Another thing that is pretty noticeably, sonically speaking, with Depression Cherry is how it’s not a guitar driven record. Alex Scally’s thickly reverbed and delayed guitar playing was a major factor in both Teen Dream’s and Bloom’s sound. Here there are moments where the guitar is noticeable—like the distorted bursts that serve as the hook on “Sparks,” but it becomes so subtle in other moments that it just tucks itself in as another layer under LeGrande’s vintage keyboard and organ sounds, only adding to that whole ethereal, Lynch-ian quality to parts of the record.

Part of the thing that made Teen Dream such a successful record was how it was pretty flawlessly sequenced. Even the tracks that weren’t as strong as others still worked, per se, especially in the order of the album from start to finish. Bloom was, for the most part, worked the same way, however it started to slow down gradually within the final third.

Depression Cherry is unevenly sequenced—frontloaded with all of its best material, and losing steam with “PPP,” a song that inexplicably begins with a spoken word introduction. The slow burning “Wildflower” and the beat heavy “Bluebird” try their best to restart the album’s energy, but as it slides into its final moments, it’s clear that the A side is comprised of the album’s strongest tracks—“Space Song” is equally as catchy as “Sparks,” juxtaposing the band’s early lo-fi beginnings musically, while honing their Bloom-era songwriting abilities.

As a whole, Depression Cherry is not a huge step back for the band’s momentum, but it’s also not a huge step forward. That sounds, at first, like Beach House has remained stagnant, but that’s not the case. It’s not nearly as immediate of a listen as Teen Dream, nor as urgent of a listen as Bloom; it calls to mind the restrained, whispered, initial slow growing moments for the duo.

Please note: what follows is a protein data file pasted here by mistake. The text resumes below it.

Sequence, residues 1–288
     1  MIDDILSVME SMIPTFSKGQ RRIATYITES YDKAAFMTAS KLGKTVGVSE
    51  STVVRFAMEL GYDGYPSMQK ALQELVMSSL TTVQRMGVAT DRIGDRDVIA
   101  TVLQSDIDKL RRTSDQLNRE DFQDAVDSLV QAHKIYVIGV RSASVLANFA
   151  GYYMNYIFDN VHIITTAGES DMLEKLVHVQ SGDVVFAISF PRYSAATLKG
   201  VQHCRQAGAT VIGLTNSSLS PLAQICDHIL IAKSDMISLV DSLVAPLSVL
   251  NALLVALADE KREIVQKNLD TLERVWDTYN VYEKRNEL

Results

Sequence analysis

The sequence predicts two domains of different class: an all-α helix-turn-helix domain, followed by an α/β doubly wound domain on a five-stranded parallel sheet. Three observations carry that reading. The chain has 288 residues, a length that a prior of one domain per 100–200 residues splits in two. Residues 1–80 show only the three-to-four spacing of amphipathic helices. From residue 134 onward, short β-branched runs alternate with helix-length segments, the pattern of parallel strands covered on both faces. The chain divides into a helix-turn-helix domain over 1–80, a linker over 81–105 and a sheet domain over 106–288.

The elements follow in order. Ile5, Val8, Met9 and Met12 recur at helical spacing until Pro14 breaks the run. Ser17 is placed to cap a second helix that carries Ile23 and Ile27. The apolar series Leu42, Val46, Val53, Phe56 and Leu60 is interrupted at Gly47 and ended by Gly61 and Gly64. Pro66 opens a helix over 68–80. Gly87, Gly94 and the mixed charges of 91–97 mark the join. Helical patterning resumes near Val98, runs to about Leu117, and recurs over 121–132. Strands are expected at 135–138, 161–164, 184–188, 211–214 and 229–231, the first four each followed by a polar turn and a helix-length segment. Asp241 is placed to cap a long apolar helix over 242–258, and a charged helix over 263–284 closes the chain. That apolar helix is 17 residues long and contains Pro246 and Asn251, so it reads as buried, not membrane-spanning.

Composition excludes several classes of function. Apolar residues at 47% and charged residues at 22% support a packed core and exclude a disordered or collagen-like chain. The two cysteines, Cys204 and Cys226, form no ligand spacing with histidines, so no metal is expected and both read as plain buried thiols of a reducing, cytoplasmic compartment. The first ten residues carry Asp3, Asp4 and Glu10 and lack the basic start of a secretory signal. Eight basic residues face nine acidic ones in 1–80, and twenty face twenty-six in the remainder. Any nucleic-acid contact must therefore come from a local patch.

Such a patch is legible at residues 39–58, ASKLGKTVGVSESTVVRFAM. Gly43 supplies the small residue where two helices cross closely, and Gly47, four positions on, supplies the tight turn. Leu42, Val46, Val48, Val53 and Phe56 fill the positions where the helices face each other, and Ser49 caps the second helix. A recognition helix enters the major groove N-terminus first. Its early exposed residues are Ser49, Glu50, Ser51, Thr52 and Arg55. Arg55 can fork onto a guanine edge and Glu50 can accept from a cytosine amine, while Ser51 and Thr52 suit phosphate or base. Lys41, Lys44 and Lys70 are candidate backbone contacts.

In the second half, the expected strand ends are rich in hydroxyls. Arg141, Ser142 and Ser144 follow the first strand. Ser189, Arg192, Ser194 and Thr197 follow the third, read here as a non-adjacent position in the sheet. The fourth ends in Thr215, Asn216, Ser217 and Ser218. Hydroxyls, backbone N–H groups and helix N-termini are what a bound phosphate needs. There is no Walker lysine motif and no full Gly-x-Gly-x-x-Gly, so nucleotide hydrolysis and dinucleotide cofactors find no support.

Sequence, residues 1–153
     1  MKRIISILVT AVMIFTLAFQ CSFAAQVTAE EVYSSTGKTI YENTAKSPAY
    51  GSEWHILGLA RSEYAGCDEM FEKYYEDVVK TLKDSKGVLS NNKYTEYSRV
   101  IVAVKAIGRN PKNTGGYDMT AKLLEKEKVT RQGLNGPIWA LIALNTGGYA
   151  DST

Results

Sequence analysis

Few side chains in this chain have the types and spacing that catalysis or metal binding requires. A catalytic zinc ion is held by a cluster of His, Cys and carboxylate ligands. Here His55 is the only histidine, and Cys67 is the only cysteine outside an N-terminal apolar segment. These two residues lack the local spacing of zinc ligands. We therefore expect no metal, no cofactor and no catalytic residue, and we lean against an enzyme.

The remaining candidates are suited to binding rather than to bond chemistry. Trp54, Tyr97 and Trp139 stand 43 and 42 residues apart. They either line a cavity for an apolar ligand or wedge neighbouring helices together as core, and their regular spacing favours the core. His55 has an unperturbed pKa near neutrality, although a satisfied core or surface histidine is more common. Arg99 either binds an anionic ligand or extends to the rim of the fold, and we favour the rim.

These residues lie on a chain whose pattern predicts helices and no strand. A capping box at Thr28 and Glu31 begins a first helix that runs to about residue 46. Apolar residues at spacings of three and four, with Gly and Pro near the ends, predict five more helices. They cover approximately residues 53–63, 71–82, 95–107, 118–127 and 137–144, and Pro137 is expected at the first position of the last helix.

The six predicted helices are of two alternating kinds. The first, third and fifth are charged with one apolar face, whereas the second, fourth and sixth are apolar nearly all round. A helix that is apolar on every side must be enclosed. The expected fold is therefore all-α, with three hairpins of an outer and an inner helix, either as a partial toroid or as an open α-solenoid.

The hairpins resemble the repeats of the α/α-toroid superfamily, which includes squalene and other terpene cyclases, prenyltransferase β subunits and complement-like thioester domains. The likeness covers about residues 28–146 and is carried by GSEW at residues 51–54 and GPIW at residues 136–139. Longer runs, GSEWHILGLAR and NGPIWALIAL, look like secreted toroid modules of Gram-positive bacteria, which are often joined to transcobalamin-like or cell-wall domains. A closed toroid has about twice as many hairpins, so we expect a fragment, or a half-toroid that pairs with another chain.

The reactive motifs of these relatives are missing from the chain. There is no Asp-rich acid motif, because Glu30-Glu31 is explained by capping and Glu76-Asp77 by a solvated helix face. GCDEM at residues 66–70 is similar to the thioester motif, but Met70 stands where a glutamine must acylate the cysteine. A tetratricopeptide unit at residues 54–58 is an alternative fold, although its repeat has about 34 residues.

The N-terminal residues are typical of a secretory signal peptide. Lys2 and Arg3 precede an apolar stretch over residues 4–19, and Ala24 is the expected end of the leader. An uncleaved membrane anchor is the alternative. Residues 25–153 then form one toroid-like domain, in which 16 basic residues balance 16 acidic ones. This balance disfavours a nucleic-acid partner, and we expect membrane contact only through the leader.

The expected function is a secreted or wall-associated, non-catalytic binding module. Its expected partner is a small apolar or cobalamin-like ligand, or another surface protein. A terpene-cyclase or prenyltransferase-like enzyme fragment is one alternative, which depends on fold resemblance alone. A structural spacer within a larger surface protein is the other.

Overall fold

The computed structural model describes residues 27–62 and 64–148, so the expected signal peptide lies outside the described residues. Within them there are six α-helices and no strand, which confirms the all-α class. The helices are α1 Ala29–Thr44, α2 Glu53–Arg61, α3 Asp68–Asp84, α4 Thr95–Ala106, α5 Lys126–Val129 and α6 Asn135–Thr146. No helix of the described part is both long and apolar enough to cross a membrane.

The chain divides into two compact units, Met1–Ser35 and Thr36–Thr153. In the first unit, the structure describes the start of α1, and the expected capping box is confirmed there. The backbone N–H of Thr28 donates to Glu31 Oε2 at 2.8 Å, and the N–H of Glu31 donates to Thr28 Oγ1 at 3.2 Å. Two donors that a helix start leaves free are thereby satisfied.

It’s the sound of a band that has grown comfortable enough with themselves over the last nine years that they don’t need to make some gigantic artistic leap every time they make a record. Beach House, in a sense, have made precisely the type of record that Beach House would make at this point in their career, and sometimes, that’s all you need from a band.

Rating: 3.75/5

Sparks is out on 8/28 via Sub Pop

Beach House’s Website

Kevin also writes for the super excellent Anhedonic Headphones.

Kevin Krein

Kevin Krein is a Minnesota based writer, and has been operating the award winning music blog Anhedonic Headphones since January 2013. For nearly as long, he’s been contributing to Bearded Gentlemen; and for nearly as long, he wrote “The Bearded Life” column for the Southern Minn Scene magazine. Since the summer of 2017, he began contributing  “The Column of Disquiet” for The Next Ten Words.  His writing has also appeared in The Wagazine, and in River Valley Woman. He is a vegan, a friend to all animals, and a huge jerk toward most people.